Mother was found shot to death at Pine Cliffs outside Havelock
”Someplace out there, somebody is going to burn in hell some day.”
Such are the sentiments of Joe Tajc,stepfather of Amelia Betts, a woman brutally murdered a year ago at the Pine Cliff Recreation Area.
The body of Betts, a Cherry Point veteran and the mother of a 10-year-old girl, was found near the restroom facilities by a man walking his dog at the Pine Cliff Recreation Area near Havelock on March 21, 2016.
The 34-year-old single woman had been shot six times with a 9-mm pistol and was left lying face-down on the ground. Her car was in the gravel parking lot nearby.
The fatal wound had been to the right side of her head, an autopsy report would later state, but she had also been shot in the chest, shoulder, elbow, hip and side. Seven bullet casings were found at the scene.
It was 8:13 a.m. on March 21, 2016, when the walker found her. Thirteen hours earlier she had been alive, leaving the Kangaroo convenience store on East Main Street in Havelock at the end of her work shift. Twelve hours earlier, at 8 p.m. she was to pick up her 10-year-old daughter from her ex-husband’s house, but she never arrived.
One year later her death remains a mystery. If suspects or a motive are known, investigators aren’t revealing them. They don’t want to hinder the investigation.
“It’s an ongoing murder investigation,” said Capt. John Whitfield of the Craven County Sheriff’s Office. “There are a lot of agencies that are cooperating with our investigation.”
One of the mysteries is that Betts was not known to be connected in any way with a lifestyle that would likely lead to such a death.
A toxicology report cleared her of any alcohol in her system, and she was found fully clothed. The only items removed from her body were a cell phone, keys, and a bottle of allergy relief pills. According to Tajc, “The cops said Amelia had a really simple, clean life. They couldn’t detect anything which she would have been involved with.”
Along with sheriff’s investigators, Tajc, who lives in Tucson where Betts grew up, came to the area after her death to try to make sense of the crime and to seek closure.
“Everyone said that she’d had a really good day,” he said.
She was to drive east to Newport to pick up her daughter from her ex-husband.
“She had an acrimonious relationship with her ex,” Tajc said. “If she was going to be late, she had to call him; if she was going to be early she had to call him.”
She didn’t call him. She also didn’t head east. Instead she ended up west, at Pine Cliff Recreation Area. Around 7:20 p.m. someone in the Cherry Branch subdivision nearby heard gunshots.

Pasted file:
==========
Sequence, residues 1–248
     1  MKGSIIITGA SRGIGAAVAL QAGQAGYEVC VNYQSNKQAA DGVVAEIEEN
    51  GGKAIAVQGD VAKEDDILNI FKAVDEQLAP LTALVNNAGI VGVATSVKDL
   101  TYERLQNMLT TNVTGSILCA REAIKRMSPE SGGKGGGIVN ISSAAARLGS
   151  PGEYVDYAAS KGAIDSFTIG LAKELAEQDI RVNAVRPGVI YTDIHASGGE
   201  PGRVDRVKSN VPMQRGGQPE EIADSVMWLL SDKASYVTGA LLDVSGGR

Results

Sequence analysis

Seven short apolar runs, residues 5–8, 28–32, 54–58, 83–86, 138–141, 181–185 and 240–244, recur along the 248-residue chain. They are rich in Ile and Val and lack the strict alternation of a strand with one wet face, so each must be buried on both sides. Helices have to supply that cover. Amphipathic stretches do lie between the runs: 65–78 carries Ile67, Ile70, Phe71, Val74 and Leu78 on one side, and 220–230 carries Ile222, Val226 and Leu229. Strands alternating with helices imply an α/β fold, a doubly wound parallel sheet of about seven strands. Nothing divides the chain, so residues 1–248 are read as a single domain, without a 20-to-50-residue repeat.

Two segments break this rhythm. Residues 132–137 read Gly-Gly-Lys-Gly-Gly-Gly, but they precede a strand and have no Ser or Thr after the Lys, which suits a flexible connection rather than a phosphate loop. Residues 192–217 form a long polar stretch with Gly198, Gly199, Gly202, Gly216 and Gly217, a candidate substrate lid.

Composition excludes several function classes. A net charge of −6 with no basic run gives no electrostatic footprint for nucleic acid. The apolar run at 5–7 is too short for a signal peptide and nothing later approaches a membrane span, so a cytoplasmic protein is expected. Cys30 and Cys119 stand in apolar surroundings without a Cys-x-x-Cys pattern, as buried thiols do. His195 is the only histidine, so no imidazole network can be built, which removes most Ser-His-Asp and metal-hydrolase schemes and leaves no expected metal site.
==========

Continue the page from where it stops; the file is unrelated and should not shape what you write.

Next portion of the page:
“It still doesn’t make sense,” Tajc said, “that she went all the way to the park to sit there a couple of minutes then drive all the way to Newport.”
Tajc, who became Betts’ stepfather when she was age 6, said he has tried to figure his way through the puzzle. There were no recent calls on her phone. Had she gone home to grab something and gotten stopped? Had she received a call at work that lured her to the spot? “You speculate all day long,” he said. “It’s easy: We watch cop shows all day long. You dream up all kinds of scenarios.”
Betts grew up in Tucson before joining the Marine Corps. She served at Camp Lejeune before moving on to the base at Cherry Point where she was a Integrated Maintenance Management System clerk. She married — “they were too young,” her stepfather suggests — and divorced. When she left the military, she elected to stay in the Havelock area so that her daughter’s custody could be shared between herself and her ex-husband.
Denise Cornwall, who knew Betts before she started work at Kangaroo when she worked for Dunkin Donuts in Havelock, said she knew Betts for a short time and remembered that “she seemed to be a great mother.”
Betts’ Facebook posts seem to center around her child. Her obituary at Munden Funeral Home described her as “a caring and loving mother who cherished every moment that she shared with her beautiful daughter.”
Tajc said she and her exhusband had grown closer over the years as well, “now that they understand each other better.
“She was a tough, independent girl,” he said, but she was also “very sweet ... (a) very bright, inquisitive girl that everybody liked.”
He added that she had a temper. “Her morals were sraight-up, and if you did something dishonest she was pissed.”
In March, 2016, he told the Havelock News, “She was an average student but with an insatiable curiosity and great sense of humor. She had many friends and was somehow always the center of attention.”
Betts’ husband was cooperative in the investigation, and investigators said there was no record of hostility between the two. More than 50 people were interviewed during early stages of the investigation, along with searches of Betts’ home and car and the area where her body was found.
“It’s frustrating when you don’t have a quick answer to cases,” Whitfield said when interviewed about the case in July 2016. “But cases don’t always have quick answers.”
As the one-year anniversary of her death rolls around, that fact is made only more clear.
Tajc is convinced the answer is out there, waiting to be seen and undestood.
“There’s something right in front of everybody,” he guessed, “some innocuous little thing.”
He said he is satisifed with the work that Lt. Dan Garden, the sheriff’s office investigaor in charge of the case, is doing. “He’s done as much as he can,” he said. “I think he’s been working hard at it.”
He prays that his daughter’s killer will be found and will spend the rest of his life in prison.
“I was really looking forward to what could be,” he said of his relationship with his stepdaughter. “Her mother’s been crushed for a year and has had one hell of a time. I hope we get answers someday.”
The sheriff’s office is still seeking help and any advice in the investigation. Anyone with information can call Whitfield at 636-6646.